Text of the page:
The vegan Humane Society of the United States is on the move in New Jersey, pushing a bill in the legislature that would ban the use of individual maternity pens to house pregnant pigs. We recently interviewed a veterinarian and an animal scientist who support the use of pens, as do hundreds of other experts. However, HSUS’s Paul Shapiro has an op-ed in the Star-Ledger with a rather curious co-author: controversial Princeton professor and Animal Liberation author Peter Singer.
Singer takes a coldly utilitarian view to the world, arguing that it’s morally OK to kill people after they’re born. In his analysis, this leads to such ends as “if killing [a] hemophiliac infant has no adverse effect on others, it would, according to the total view, be right to kill him.”
(Gee, what a partner. All those HSUS claims about representing American “values” sure don’t seem so credible now, do they?)
Let’s get to the meat of the matter about maternity pens. Singer and HSUS pretend to argue on animal welfare grounds. Animal “rights,” which is what Shapiro and Singer are truly about, is a philosophy and not a hard science. So it’s a nice ploy on their part.
Animal welfare can be measured. Here’s one measure: Stress hormones. And interestingly, several recent studies find that pigs in group housing situations—as HSUS calls for—have higher blood levels of a stress marker.
Why could this be? It’s likely because pregnant pigs in groups can fight each other to establish dominance or fight over food.
That’s not to say group housing is bad. It’s also a valid way of housing pigs if managed properly. But it’s something else to take away what many consider a current best practice. According to a review of the evidence a few years back, maternity pens and well-managed group housing “produced similar states of welfare for pregnant gilts or sows in terms of physiology, behavior, performance, and health.”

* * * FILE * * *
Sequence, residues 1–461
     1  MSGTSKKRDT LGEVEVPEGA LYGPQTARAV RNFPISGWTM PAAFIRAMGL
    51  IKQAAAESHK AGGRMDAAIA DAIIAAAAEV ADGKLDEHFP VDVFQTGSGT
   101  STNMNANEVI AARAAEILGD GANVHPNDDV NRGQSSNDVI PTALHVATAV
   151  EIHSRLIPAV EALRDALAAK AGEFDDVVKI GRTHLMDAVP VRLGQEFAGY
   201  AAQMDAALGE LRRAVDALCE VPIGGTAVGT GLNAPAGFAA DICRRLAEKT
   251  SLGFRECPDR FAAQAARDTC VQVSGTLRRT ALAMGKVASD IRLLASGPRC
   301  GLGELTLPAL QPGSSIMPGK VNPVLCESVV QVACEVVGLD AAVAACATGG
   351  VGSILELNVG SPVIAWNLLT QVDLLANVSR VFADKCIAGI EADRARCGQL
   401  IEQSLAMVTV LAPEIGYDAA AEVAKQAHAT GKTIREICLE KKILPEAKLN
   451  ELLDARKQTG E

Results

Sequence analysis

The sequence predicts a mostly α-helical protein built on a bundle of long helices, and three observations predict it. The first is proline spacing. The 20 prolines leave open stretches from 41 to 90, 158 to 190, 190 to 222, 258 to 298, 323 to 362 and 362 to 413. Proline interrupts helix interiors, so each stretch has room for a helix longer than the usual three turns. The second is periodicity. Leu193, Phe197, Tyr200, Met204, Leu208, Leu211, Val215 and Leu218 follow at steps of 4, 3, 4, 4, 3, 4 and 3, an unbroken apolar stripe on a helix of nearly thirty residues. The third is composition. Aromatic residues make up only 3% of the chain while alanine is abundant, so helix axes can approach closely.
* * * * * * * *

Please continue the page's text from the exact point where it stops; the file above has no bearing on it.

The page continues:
On one side, you have farmers and veterinarians—experts who know a thing or two about caring for animals. On the other side, you have an ideological vegan activist and an ivory tower-dwelling “intellectual” who argues that it’s perfectly fine to kill kids after they’re born.
“The notion that human life is sacred just because it is human life is medieval,” Singer says in Writings on an Ethical Life.
But putting pigs in maternity pens, despite the benefits to their welfare, is abhorrent. Right.
Singer and HSUS are moving towards a more “humane” society, indeed. But frankly, they don’t seem the most qualified to comment on agricultural public policy.